May 25 , 2021
During and after I backpacked from Canada to Mexico in three trips on the Pacific Crest Trail, a common question posed to me by friends and strangers alike was: What do you eat along the way?
Like many long-distance hikers or "thru-hikers," I shipped small resupply boxes of food to locations near the trail: post offices, homes of "trail angels," country stores, a gas station, etc. Every 3-8 days of walking I re-entered civilization and hiked or hitchhiked to these locations. Opening these packages gave me a Christmas morning-type excitement. I was thrilled to see more chocolate, more sardines and bummed about more oatmeal. I would empty my box containing all my snacks, breakfasts, lunches and dinners for the next 50-100 miles of PCT single track, repack it all into my food bag and load the fresh weight into my backpack. Some hikers opted to buy groceries along the way instead of planning resupply boxes, which is fine when you're in Ashland, OR or Truckee, CA but several resupply stops are just a dusty gas station in the middle of nowhere. And so some hikers end up just eating gummy worms, candy bars and potato chips for miles of hiking. I gather that some long-distance hikers think that since they're putting in a marathon-worth of miles with a heavy pack plus elevation every day that they are justified in wolfing down junk food and candy as their sole fuel. Like, if you burn off all the calories anyway, why does it matter what you put into your body? Well, the idea that you are what you eat still holds true when you're crushing miles in the mountains. There was a recent article this last Spring 2021 titled, "Junk food and big miles may not add up how thru-hikers hope: CU Boulder researchers' study suggests that thru-hiking, as on the Pacific Crest Trail, might decrease vascular health." The author, Clay Bonnyman Evans writes..."the implications for thru-hikers are clear: It is important for individuals completing a long-distance hike to be aware of the potential deleterious changes associated with large volumes of exercise and consuming a high-calorie, low-quality diet."
When I backpack, I prefer clean, healthy, organic and calorie-rich foods. I've also been on a budget when those pre-made backpacking meals (Mountain House, Backpacker Pantry, etc.) seemed too pricey, like buying a town meal at $11 a pop with too much packaging per meal plus excess sodium. In our Backpacking collection on The Earth Online Catalog, we have curated packaged foods that we think are excellent foods to backpack with. Not to say that you must eat them only when backpacking...they can work for a quick meal at home or on day hikes or even whether you're cycling, climbing, rafting, motorcycling, sleeping in hammocks mid-way up a granite face, etc. These foods are lightweight so you can carry them distances easily and can be cooked quickly on a lightweight stove so you're not using too much fuel.
When planning for a multi-day trip, I try to estimate the number of days I'll be gone and I go through all the meals and snacks I'll want for each day. Usually, I'll start with planning dinner...Some of my favorite trail dinners are instant ramen or thai noodles: Like Mike's Mighty Good Vegetarian Kimchi Ramen Soup, Thai Kitchen Spring Onion Instant Rice Noodle Soup or any of Lotus Foods Ramens with Miso Soups with unique organic rices and grains. Koyo ramen is solid too. I usually eat two packets of noodles per dinner, add some fresh garlic and when really calorie-deprived, I'll add in TVP (Textured Vegetable Protein) and instant potato flakes and maybe throw in some jerky like Primal Strips Vegan Jerky, Biltong or Epic beef jerky even some dried seaweed. I also love hearty polenta with Bela-olhao's Sardines or Cole's Mackerel or Rainbow Trout mixed with all the oils in the can. Another backcountry fish option is tuna in a pouch. I also enjoy couscous with an instant black bean or curry lentil soup mix or mixed with Edward & Sons instant miso soup packets.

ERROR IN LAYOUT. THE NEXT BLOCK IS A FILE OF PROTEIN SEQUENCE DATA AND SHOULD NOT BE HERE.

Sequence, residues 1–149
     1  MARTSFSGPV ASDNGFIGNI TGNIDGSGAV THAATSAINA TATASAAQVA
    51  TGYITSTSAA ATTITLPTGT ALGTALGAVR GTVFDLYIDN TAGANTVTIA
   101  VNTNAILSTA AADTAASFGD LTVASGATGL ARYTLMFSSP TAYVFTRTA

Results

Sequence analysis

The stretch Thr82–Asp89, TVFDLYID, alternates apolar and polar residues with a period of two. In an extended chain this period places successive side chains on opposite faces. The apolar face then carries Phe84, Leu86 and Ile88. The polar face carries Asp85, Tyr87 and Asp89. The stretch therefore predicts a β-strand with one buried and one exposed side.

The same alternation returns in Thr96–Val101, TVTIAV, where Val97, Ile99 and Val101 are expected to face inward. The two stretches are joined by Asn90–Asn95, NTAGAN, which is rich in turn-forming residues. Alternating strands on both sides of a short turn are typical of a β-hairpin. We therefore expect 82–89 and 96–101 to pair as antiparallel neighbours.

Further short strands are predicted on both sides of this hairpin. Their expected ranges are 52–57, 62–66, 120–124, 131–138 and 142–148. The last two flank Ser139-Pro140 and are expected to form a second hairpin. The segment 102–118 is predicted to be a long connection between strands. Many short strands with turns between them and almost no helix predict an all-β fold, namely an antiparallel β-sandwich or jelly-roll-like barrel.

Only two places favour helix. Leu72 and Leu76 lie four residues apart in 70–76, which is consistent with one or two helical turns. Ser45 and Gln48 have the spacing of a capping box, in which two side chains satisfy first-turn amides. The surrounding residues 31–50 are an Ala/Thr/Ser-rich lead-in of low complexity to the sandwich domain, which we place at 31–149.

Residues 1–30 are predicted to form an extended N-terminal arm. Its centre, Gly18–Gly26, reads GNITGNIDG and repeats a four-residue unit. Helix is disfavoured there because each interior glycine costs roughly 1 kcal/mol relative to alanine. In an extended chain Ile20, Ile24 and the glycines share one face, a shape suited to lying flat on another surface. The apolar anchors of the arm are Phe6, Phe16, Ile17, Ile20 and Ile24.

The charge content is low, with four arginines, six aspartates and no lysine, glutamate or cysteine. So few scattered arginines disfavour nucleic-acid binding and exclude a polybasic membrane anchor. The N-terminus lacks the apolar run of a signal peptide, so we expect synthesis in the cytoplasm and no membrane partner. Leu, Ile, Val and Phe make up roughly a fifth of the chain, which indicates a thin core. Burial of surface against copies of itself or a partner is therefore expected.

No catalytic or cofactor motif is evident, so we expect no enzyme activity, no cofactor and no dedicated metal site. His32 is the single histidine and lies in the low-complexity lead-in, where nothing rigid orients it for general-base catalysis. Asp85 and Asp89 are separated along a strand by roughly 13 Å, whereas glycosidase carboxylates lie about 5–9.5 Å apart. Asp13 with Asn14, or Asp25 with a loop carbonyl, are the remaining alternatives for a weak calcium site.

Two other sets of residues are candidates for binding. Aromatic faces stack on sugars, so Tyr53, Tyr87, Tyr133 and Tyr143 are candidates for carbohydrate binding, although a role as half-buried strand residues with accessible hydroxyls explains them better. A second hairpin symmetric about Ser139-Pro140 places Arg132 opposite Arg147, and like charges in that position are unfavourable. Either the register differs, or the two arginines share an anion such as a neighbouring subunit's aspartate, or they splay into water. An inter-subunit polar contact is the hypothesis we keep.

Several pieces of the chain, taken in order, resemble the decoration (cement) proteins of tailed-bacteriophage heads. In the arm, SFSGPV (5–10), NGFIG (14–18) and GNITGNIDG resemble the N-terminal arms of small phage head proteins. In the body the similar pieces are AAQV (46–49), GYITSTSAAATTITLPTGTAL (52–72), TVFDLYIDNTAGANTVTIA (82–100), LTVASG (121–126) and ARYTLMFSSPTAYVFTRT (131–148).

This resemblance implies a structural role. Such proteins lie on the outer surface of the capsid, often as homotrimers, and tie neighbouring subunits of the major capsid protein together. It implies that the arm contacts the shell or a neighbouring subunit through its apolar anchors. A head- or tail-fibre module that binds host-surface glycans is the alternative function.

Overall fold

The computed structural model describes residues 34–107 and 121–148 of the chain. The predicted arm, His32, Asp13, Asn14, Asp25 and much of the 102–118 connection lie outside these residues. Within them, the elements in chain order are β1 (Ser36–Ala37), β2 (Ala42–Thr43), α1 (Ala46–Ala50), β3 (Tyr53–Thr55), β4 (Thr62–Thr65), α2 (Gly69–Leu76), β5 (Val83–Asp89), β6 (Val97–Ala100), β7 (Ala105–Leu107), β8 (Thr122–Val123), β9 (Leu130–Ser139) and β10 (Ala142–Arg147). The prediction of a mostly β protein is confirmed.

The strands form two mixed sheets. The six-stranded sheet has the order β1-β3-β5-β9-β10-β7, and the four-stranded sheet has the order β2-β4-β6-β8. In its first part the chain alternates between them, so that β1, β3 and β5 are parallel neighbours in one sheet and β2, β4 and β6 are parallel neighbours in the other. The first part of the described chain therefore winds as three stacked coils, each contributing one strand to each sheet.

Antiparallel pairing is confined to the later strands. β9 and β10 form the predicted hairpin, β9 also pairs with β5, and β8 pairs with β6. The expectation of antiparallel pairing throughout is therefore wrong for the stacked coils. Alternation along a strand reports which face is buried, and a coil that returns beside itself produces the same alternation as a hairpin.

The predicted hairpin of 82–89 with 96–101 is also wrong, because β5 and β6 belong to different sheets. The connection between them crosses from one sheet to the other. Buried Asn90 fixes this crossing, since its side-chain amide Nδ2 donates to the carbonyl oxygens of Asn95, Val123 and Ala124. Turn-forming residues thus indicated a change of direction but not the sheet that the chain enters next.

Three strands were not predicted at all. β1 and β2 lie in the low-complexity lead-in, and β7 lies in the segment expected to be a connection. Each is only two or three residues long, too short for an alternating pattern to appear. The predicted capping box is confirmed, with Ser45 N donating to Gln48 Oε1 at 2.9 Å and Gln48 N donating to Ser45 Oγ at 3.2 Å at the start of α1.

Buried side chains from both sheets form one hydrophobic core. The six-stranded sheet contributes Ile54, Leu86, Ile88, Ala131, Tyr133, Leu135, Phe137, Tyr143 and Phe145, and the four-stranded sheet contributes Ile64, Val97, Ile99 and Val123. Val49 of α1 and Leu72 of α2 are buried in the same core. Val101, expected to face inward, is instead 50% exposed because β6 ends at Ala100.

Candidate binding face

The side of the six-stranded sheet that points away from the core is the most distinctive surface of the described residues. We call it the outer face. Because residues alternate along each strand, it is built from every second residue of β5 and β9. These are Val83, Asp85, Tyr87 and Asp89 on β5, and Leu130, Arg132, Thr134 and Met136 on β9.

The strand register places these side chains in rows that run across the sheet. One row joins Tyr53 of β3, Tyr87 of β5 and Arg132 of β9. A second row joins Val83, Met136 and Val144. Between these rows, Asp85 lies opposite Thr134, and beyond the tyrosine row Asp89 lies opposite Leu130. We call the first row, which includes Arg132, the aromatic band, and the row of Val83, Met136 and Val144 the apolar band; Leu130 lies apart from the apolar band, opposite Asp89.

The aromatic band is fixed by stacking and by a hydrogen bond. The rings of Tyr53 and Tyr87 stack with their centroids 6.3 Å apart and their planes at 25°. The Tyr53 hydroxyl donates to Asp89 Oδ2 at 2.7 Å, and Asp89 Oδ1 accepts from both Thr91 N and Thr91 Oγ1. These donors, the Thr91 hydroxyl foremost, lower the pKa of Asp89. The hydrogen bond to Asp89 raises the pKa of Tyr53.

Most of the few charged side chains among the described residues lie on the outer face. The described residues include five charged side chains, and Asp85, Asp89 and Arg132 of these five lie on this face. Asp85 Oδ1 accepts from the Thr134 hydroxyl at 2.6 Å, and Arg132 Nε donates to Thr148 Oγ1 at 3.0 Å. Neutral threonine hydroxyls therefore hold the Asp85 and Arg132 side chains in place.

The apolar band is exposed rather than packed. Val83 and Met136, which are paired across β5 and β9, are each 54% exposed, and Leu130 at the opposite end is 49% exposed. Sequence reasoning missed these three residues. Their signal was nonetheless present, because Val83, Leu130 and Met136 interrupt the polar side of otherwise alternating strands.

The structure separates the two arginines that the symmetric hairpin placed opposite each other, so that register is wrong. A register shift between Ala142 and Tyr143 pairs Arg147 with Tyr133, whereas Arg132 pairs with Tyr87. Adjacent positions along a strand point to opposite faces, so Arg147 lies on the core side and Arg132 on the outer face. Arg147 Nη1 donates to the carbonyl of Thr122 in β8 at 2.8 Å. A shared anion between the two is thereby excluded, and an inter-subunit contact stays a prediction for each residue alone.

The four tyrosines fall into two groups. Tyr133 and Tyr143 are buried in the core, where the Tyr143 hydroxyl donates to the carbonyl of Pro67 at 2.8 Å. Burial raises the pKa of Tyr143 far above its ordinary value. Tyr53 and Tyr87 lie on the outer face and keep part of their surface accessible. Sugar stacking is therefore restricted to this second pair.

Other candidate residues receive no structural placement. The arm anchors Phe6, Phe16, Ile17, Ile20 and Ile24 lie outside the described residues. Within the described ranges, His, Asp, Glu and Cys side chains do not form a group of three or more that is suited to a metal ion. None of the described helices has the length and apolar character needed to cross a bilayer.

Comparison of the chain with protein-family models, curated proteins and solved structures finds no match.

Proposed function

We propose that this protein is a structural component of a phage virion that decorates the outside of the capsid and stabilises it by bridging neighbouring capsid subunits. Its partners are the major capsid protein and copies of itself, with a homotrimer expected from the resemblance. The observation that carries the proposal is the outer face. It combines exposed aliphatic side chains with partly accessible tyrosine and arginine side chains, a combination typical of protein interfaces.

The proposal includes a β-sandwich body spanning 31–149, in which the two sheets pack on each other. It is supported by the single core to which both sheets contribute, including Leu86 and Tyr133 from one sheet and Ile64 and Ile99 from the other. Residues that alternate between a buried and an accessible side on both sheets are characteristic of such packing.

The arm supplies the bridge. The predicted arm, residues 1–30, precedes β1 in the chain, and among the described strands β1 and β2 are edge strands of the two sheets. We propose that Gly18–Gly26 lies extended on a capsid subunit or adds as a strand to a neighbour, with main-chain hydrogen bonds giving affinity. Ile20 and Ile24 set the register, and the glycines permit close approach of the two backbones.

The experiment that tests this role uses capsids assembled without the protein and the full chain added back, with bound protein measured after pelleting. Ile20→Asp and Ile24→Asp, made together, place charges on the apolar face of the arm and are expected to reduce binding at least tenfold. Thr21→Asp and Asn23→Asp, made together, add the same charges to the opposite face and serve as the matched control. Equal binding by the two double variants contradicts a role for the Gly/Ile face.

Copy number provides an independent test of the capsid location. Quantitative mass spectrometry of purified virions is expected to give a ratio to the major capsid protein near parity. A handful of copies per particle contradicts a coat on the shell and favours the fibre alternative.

For breakfasts, I ate so much oatmeal every morning on the PCT that I can hardly eat it any more...But I would get a large amount and put it in baggies for each resupply box from bulk or tubs of oatmeal. I also mixed baggies of oatmeal toppings like with shredded coconut, chocolate chips, pecans, raisins, cranberries or cherries. Now I tend to just use packets of Nature's Path organic instant oatmeal. Mount Hagen makes fantastic Fair Trade organic instant coffee; no fancy aeropress needed.
For snacks: I'd eat granola, and a trail mix of nuts and dried fruit. In my hip belt I would munch on fruit bars like Soley Fruit jerky and heavier bars like Bobo's Oat Bars, Clif Bars, Gomacro, Larabars, Patagonia bars, Probars, etc. I ate lots of chocolate, honey and peanut butter, often all together. I liked fresh bread and fresh fruit when and if available but bread wouldn't last in my resupply box so I often relied on rice cakes to spread my nut butter and honey. You rarely regret packing some cookies. All the jerkies are lightweight and salty-delicious. Tanka and Epic have some fun options and all the biltong is great. Louisville and Primal Strips offer vegan jerky options. And I always like to pack some heady ginger chews or crystallized ginger as after meal digestifs/desert. That should give you some ideas! As many of our grocery selections are sold in cases, this is perfect for a long-distance hiker planning on buying 6 or more packages of noodles, chocolate, nuts, etc! And you can take 10% off your Backpacking Foods from The Earth Online Catalog by using coupon code Backpacking10 before July 4, 2021.